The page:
My deadlift improved the most. I’ve been focusing on a flatter back, pulling up without overextending my lower back. I’ve played with tempo a little bit too, but nothing crazy. My old 1RM was 155 and after yesterday’s lift it was calculated at 165.
I’m excited to work within that.
Maybe it feels like vacation because everything feels calm. Everything feels like it’s finding its place. When timing is right, it feels right.
To fill some of extra free time, we started watching the Fast and Furious series again… a movie each night. We actually have two copies of the series because we each own the movies.
JP has also been walking around quoting Paul Walker as Brian O’Connor. I’ve been asking a million car questions.
Our talks have shifted from chemistry to political science and the U.S. constitution – I think we’re both going to learn a lot these next six weeks while I take U.S. Government.
We’ve talked about houses. We’ve talked about cars. We’ve talked about vacations and parties and the next 5K.
This is magic.
The balance of being busy with work – inside and outside of the house, being active and having some time to make last minute decisions is the kind of balance I’ve been striving for.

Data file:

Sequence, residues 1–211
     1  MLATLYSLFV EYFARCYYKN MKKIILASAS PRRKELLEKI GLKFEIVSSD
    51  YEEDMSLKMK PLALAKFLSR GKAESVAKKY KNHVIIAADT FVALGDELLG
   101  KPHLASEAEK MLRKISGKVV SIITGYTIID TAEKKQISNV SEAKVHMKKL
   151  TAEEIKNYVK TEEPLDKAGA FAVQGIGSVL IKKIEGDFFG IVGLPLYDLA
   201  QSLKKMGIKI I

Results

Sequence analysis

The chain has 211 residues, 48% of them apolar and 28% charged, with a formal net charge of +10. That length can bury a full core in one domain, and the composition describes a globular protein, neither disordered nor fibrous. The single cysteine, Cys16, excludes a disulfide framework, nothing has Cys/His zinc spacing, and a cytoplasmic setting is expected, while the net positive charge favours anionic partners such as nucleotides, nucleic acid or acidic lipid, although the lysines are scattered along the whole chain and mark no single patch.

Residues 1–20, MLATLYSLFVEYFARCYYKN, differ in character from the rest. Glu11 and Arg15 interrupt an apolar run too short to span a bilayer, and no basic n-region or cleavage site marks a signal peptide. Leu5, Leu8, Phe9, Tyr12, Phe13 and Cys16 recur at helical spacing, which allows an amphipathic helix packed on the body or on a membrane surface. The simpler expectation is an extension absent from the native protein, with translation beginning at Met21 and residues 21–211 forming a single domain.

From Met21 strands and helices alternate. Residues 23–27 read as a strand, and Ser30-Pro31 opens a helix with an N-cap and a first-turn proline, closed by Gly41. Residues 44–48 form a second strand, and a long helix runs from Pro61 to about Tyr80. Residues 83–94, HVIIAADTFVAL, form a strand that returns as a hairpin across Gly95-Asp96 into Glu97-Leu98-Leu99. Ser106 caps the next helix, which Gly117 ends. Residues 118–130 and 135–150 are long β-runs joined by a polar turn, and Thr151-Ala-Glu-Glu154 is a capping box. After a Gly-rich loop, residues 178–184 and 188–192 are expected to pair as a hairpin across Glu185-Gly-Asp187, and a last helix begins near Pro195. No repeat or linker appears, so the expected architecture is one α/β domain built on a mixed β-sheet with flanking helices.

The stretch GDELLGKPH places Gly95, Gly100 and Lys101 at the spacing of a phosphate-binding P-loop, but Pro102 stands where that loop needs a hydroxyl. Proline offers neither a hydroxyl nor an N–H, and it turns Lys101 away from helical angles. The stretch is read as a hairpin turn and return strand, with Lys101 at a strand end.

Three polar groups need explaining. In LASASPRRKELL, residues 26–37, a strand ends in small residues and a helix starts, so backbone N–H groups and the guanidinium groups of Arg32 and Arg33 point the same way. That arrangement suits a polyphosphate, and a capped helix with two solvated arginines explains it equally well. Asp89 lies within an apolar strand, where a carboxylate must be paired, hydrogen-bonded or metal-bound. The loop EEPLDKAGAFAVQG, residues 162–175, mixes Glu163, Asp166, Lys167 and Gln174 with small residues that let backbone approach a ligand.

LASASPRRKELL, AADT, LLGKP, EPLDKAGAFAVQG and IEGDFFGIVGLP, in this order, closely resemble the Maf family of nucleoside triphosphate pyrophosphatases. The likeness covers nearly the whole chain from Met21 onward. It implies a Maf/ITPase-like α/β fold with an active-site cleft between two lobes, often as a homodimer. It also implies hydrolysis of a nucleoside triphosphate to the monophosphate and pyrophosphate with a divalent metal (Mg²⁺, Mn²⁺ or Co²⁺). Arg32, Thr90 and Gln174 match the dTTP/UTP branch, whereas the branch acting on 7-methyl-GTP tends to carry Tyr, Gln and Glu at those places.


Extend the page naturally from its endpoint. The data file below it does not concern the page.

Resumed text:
I don’t feel defeated or like the list is never going to get done.
I feel good about eating frozen pizza on a Thursday at 8 pm after a run. #thingsIneverthoughtIwouldsay
I’m ready for everything else. I’m ready for what’s next.
As warmer weather is approaching, we’re shifting how often we use the oven. It doesn’t matter if you have air conditioning, the oven turned on in the late spring and summer makes for a really warm kitchen. We cook a lot of things stove top, use our George Foreman or go outside and grill.
For this recipe, all you need is pots and pans and some tongs.
As we’re getting back into our routine of having dinner together again since the semester is over, I’ve been trying to incorporate meals that take a little longer or utilize entrees that may have a little assembly. I don’t need to rush dinner or have it in a Tupperware anymore, so this is a perfect opportunity to use corn tortillas.